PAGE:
What can we classify as meaningful literature for today’s youth? Is it time for parents and educators to broaden their definitions of what they consider “reading” in our changing world of media?
I have many parents ask me for advice on how they can encourage their child to read more. When I ask them how often their child reads, many of these parents reply “She doesn’t read. She hates books and just spends all evening on the computer looking at One Direction websites…”
I see many of my students engaging with information contained in different forms of literature every day, including graphic novels, recipe books and the profiles of sports stars; but some of these same children will also grudgingly work their way through our book studies of popular novels. So is the student who enjoys reading print books and novels any more engaged with literature and the information contained within it than the student who spends two hours each night reading about the private lives of her favourite boy band members?
The way we share and convey information has evolved dramatically throughout human history, from cave drawings to oral storytelling to the creation of text to that text being available on a screen that fits in the palm of our hands. I think it is important for educators to also evolve by considering how our students are engaging with these different forms of literature. Students learn and retain information best when they find it engaging and meaningful, and some small tweaks to traditional literacy projects could help make material much more relevant for today’s students: perhaps using a book study to assess for literacy comprehension could extend from just a selection of novels to include multiple forms of literature, like blogs, graphic novels, or websites; maybe a spin on teaching students about dialogue could involve students conversing via instant messages; I can’t think of a better way to teach the value of concise writing than by challenging students to write a descriptive sentence in a 140 character tweet.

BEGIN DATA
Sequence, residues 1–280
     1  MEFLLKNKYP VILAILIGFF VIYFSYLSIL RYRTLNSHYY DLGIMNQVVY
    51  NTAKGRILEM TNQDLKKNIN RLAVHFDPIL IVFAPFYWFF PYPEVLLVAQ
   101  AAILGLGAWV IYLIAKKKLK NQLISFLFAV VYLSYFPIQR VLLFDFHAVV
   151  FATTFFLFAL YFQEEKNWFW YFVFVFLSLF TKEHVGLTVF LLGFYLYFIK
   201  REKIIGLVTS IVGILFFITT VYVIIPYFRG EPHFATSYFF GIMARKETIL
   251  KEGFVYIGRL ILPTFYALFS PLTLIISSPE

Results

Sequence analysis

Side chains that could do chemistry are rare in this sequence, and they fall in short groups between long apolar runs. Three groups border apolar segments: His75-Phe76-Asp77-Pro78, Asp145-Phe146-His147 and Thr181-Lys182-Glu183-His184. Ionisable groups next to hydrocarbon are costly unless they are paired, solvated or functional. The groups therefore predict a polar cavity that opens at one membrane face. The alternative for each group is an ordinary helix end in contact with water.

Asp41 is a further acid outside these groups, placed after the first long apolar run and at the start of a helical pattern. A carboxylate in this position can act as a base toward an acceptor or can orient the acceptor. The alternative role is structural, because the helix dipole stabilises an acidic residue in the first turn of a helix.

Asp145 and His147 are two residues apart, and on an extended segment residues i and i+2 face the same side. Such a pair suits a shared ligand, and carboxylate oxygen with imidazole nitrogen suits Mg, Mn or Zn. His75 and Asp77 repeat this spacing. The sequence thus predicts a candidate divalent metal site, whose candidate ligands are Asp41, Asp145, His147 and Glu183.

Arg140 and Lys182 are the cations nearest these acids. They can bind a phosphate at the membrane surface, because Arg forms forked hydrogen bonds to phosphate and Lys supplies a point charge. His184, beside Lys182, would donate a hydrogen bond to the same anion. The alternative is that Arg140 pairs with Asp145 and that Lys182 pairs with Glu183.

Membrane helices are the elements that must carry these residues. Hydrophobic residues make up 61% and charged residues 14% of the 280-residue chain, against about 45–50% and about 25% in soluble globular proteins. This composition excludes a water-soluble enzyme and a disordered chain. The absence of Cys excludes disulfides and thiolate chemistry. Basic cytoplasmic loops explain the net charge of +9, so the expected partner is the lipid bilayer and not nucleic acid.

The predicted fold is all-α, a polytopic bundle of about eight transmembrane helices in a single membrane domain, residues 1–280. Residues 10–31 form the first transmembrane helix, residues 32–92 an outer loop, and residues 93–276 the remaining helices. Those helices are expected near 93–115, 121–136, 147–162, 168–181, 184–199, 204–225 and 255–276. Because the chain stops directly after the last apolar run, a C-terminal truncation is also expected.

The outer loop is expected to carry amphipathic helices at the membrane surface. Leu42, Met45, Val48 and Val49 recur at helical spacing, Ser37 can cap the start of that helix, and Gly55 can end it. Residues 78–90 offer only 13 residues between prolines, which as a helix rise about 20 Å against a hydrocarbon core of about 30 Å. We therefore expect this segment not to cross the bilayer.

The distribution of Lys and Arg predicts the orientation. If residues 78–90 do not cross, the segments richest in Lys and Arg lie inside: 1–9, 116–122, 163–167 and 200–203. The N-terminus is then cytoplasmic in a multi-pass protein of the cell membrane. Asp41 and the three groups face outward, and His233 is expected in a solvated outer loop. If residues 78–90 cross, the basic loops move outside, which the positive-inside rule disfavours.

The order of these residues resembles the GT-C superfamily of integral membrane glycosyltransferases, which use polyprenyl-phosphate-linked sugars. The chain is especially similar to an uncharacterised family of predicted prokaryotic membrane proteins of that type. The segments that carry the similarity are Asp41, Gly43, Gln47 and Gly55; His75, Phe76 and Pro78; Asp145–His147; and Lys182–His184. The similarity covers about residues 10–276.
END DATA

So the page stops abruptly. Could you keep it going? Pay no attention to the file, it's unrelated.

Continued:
Don’t get me wrong – I have always loved books. The multiple bookcases in my office overflowing with picture books, novels, and textbooks is a testament to my unfettering love of books. I also believe that there is a great deal of value in classic literature – I still can’t see a spider web at a farm without a small piece of me wanting to believe that the resident pig and spider are somehow magically best friends. But I think we need to cut our youth a little bit of slack. With the massive changes in technology that our world has experienced in the past few decades, reading, storytelling, acquiring information, writing and literature now come in many different formats, and our children and students are trying to find which of these formats they find the most appealing and comfortable to engage with. Let’s not discount their attempts or discourage their journey, but rather let’s celebrate reading and literacy in all of it’s different forms.